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Do plants have a biological clock?

I think that's how it works aym. They tinker with the temperatures and the light levels to fool the plants into thinking it's the right time to flower early, or hold them back.

Someone clever will have a better explanation than me image

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  • Plants certainly have a biological clock - some are triggered into flowering by the length of the day or night.

    They certainly don't have a biological calendar, they only know if it is warm or cold, sunny or dark. If they did have a calendar they would not grow and flower at strange times of year, as the often do.

  • pansyfacepansyface Posts: 21,568

    THIS SHOULD MAKE EVERYTHING CLEAR, I THINK.image

    https://en.m.wikipedia.org/wiki/Circadian_rhythm

    AND FOR DESSERT.

    https://en.m.wikipedia.org/wiki/Entrainment_(chronobiology)

    Last edited: 24 November 2016 10:17:04

    Apophthegm -  a big word for a small thought.
    If you live in Derbyshire, as I do.
  • ObelixxObelixx Posts: 28,840

    As AC says, plants are driven by either temperatures or day length.   Some seeds won't germinate till they've had a period of chill followed by warmth which indicates winter is over and it's safe to grow.   Some seeds, like lettuces, won't germinate above a certain temperature as they know it will be too hot for the plant.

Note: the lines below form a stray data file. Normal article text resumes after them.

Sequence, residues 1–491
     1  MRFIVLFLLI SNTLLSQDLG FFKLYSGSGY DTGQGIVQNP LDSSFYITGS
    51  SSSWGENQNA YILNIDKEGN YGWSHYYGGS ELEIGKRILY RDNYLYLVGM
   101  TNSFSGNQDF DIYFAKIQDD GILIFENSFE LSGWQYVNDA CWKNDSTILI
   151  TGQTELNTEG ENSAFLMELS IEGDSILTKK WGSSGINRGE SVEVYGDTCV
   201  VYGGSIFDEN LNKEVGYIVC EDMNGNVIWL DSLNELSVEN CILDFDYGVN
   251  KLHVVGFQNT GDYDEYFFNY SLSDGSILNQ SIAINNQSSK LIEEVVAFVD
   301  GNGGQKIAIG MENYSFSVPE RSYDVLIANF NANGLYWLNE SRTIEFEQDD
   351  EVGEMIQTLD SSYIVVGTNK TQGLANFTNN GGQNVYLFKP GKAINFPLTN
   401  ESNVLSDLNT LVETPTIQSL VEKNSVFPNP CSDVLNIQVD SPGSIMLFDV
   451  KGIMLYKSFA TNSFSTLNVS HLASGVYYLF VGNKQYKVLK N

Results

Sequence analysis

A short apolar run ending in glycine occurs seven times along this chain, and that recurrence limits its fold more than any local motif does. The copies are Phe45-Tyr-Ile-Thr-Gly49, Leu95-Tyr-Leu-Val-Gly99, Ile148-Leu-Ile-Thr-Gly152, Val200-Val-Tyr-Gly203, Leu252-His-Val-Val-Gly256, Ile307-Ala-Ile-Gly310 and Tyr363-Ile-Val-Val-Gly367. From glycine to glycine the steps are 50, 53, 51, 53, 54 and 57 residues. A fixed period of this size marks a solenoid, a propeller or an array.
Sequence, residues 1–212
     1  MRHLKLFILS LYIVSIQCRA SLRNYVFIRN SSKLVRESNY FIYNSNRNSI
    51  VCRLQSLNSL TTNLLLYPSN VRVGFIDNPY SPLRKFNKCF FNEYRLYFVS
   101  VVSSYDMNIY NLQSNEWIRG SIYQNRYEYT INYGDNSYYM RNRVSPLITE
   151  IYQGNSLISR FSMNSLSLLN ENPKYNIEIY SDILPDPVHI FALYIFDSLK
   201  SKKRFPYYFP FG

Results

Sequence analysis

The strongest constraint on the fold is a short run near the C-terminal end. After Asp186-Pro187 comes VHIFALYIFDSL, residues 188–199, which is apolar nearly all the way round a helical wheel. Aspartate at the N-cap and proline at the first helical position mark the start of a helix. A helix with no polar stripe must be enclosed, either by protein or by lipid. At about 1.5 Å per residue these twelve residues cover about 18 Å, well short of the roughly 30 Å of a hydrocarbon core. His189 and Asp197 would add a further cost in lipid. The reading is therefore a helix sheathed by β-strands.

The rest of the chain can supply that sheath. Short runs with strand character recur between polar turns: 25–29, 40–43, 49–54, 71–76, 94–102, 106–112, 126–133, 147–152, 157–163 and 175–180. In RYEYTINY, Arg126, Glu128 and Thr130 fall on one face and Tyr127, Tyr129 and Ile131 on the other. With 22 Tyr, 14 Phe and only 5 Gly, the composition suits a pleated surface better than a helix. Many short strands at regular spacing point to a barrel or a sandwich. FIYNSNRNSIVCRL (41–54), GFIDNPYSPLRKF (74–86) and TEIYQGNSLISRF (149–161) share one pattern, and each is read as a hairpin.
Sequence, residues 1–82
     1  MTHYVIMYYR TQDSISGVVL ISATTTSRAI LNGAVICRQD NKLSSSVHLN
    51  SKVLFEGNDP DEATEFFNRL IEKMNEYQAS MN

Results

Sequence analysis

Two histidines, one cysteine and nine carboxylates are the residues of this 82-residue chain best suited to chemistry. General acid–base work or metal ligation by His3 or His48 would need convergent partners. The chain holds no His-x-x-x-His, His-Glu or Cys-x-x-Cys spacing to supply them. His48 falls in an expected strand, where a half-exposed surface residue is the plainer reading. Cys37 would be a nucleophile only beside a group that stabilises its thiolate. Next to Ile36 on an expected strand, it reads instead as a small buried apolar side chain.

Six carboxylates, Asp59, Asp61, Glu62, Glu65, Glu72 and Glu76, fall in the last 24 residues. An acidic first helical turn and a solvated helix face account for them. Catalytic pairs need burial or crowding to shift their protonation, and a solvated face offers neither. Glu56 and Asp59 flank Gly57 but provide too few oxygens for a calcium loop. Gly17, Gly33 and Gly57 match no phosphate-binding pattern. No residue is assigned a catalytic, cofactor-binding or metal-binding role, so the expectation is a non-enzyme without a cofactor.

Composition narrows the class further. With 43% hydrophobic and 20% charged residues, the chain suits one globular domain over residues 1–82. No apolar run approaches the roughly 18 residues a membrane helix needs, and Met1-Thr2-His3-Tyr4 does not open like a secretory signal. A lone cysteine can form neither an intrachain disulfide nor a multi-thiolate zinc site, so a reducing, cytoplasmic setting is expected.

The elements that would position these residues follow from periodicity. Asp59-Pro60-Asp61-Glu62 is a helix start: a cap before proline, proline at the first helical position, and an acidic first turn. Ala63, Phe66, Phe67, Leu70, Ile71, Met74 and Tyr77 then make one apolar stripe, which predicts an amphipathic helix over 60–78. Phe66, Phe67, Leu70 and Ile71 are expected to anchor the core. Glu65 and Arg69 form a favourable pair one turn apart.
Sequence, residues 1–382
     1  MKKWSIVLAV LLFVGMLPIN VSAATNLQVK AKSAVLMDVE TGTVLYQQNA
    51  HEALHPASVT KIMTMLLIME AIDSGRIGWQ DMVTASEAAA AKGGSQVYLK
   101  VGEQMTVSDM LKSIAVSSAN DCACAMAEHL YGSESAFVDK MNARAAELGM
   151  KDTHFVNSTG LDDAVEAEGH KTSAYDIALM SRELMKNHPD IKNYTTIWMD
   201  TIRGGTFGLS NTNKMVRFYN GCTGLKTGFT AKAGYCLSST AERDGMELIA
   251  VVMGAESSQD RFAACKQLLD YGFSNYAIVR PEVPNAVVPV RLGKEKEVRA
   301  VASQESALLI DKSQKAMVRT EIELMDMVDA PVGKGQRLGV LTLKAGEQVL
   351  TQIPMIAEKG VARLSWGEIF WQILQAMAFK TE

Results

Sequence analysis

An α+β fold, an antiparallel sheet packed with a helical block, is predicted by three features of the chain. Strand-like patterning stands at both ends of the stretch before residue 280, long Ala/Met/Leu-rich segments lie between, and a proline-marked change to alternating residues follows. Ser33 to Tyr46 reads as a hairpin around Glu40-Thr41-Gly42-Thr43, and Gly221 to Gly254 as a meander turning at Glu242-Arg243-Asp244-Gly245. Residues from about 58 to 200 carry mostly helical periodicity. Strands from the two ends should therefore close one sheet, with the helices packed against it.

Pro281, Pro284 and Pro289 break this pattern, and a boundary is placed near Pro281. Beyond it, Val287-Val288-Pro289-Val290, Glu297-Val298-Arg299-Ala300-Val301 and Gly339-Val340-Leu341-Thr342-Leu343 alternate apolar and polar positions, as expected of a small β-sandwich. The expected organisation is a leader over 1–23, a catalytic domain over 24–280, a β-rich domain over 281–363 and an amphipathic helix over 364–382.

You need to know what the plant is, where it grows, what trigger growth and then adjust its environment accordingly.  I can't see the point of messing with natural rhythms unless you're growing for exhibition, competition or shows like Chelsea where things have to be at the right peak of performance.  It requires such an investment in time and materials and heaters and lighting.

    Vendée - 20kms from Atlantic coast.
    "We don't stop playing because we grow old; we grow old because we stop playing." - George Bernard Shaw
  • punkdocpunkdoc Posts: 13,263

    A lot of plants exhibit photoperiodism, they flower when day is longer than night, or vice versa.

    This can be an issue if plants are grown in one country and then shipped to another. They are geared to flower when the day length is that in their country of origin. This information exists in the seeds of the plant as well.

    Not sure I have explained that very well, but I know what I mean!

    There are ashtrays of emulsion,
    for the fag ends of the aristocracy.

    S.Yorkshire/Derbyshire border
  • ObelixxObelixx Posts: 28,840

    What's available commercially is more a question of what's easy to propagate using mechanical means and without paying plant breeder's rights where possible so seeds, cuttings, potting on in industrial scales.  They have huge sheds and machines in The Netherlands which is where so much of it is grown.

    Vendée - 20kms from Atlantic coast.
    "We don't stop playing because we grow old; we grow old because we stop playing." - George Bernard Shaw
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